Arraig Investing Concepts

Understanding AngelList Rolling Funds

Published 3 months ago • 2 min read

This isn’t advice on how to invest your money or someone else’s money. I’m sharing my experience so that it serves as an example to develop your own framework.

Dear Readers,

In 2021, following the recent acquisition of a startup co-founded, I made my first investment in an AngelList Rolling Fund. Over the period of 2021-2022 I saw the startup market surge, and then precipitously drop from late 2022 into 2023. I gained a new appreciation of the dynamics and pitfalls of the "Rolling Fund" type structure. This article, and accompanying YouTube video, explains that structure, including nuances I did not appreciate at the outset.

video preview

The Lay of the Land: Traditional Fund Structures

Before we dive into the specifics of Rolling Funds, let’s set the stage with a quick overview of traditional fund structures: Special Purpose Vehicles (SPVs), and Angel or Venture Capital (VC) funds.

Special Purpose Vehicles (SPVs)

SPVs are typically one-off funds created for a specific investment. They allow investors to pool resources with others to make a more substantial single investment. SPVs often come with a 5% setup fee and a 20% profit share (or “carry”) to the fund manager.

Angel or VC Funds

In contrast, Angel or VC Funds spread their investments across multiple startups, offering diversification and delegating the selection process to (ideally seasoned and/or talented) fund managers. The cost of this managed diversification is often a 2% annual fee over 10 years and, similar to SPVs, a 20% share of profits (the "carry").

Introducing AngelList Rolling Funds

AngelList Rolling Funds can bring some of the benefits of VC funds to smaller investors. They operate on a subscription basis, where investors commit a fixed amount quarterly, creating a continuous investment cycle. This model smooths out the fundraising process, automates capital calls, and opens up VC-like investment opportunities to a broader range of investors.

The Strategic Playbook for Rolling Funds

Several strategic factors come into play with Rolling Funds:

  • Deal Access: The quality of investments heavily relies on the fund manager’s ability to secure deals. The best deals often go to the most connected, skilful, or reputable investors - which are very typically successful startup founders (because other startups want their advice and seal of approval).
  • Effective Fees: The actual cost of investing in Rolling Funds can vary based on how long you subscribe. Longer commitments can mitigate the impact of fees on your returns because there are more losses to offset against your gains.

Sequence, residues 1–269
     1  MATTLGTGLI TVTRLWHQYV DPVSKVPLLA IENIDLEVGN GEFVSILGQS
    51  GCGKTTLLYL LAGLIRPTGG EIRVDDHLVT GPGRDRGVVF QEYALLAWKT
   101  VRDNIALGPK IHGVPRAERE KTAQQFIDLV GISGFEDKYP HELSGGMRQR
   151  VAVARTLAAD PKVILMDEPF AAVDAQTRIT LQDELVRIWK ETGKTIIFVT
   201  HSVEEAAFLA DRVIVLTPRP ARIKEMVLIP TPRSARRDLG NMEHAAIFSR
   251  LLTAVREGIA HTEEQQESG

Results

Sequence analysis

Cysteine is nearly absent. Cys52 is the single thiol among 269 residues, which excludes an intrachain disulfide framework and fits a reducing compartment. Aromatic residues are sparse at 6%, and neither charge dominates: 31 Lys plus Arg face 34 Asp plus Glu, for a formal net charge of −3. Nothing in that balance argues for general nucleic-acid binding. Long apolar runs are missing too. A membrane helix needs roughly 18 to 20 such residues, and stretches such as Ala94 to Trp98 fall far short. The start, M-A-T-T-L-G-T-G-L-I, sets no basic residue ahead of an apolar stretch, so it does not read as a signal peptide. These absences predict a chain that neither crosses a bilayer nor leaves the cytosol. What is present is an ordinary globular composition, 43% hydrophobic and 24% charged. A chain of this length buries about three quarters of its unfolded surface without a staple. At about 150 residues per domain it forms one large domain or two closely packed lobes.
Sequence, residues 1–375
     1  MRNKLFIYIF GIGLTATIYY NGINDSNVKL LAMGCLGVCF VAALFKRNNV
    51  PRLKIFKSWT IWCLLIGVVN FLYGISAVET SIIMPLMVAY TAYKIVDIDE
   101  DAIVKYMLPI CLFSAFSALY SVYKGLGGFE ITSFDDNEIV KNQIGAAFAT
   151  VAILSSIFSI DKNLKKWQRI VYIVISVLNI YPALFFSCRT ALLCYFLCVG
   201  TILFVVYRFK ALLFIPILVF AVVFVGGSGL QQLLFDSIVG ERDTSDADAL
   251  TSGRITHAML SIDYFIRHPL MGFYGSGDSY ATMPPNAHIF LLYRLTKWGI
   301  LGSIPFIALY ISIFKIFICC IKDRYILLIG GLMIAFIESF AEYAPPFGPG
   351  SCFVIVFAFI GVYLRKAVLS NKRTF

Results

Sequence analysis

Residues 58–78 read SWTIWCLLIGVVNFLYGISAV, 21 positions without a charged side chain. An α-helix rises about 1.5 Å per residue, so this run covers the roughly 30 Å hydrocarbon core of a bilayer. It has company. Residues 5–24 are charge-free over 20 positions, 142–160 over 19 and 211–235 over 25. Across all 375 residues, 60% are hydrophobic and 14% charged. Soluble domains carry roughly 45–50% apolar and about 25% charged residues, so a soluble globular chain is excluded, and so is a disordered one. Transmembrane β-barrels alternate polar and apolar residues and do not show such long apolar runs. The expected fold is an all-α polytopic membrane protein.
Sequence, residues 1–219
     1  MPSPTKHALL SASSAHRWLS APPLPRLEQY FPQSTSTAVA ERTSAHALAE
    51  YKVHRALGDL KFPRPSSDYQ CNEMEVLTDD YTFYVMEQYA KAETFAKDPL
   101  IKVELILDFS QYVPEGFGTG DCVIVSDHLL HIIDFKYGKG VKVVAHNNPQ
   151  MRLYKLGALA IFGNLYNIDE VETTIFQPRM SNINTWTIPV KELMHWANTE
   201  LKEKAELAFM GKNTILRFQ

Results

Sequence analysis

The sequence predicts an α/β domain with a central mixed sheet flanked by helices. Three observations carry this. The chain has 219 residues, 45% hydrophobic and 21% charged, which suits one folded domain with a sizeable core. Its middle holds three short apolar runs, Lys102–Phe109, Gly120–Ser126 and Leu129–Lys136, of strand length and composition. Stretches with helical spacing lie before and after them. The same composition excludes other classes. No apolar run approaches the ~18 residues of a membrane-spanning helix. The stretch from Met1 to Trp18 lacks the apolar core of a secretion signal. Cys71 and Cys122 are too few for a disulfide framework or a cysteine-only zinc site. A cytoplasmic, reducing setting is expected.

• Adverse Selection: Rolling Funds might end up with the leftovers that more prominent investors passed on, especially during frothy market conditions.

Adverse Selection and Market Cycles

My experience has been that market highs and lows significantly affect how Rolling Funds operate. During boom times, funds are quickly deployed at high valuations. In downturns, capital tends to roll over as investment opportunities dry up. This cycle can also lead to adverse selection, where funds are invested more during peaks than troughs.

Wrapping Up: My Personal Take

AngelList Rolling Funds may give smaller investors the benefits offered by VC funds, namely, a) diversification and b) the ability to delegate investment selection to more talented managers than oneself. Certain successful founders offer rolling funds. They may have excellent networks in the startup community, and therefore access to the best startup deals.

At the same time, effective fees can be high. This is especially true if one subscribes only for short periods, because - for the purposes of calculating fees (profit share) - losses in one rolling fund cannot be offset against gains in another. Furthermore, there can be significant adverse selection in the selection of startups in which rolling funds invest - both at the deal level and through market cycles.

All the best, Ronan

Ronan McGovern, Managing Director, Arraig LTD

P.S. I (and Arraig LTD) don't run or manage any VC, Angel or Rolling Funds, but I do write about my approach to making private and public investments over at, where you can learn more.

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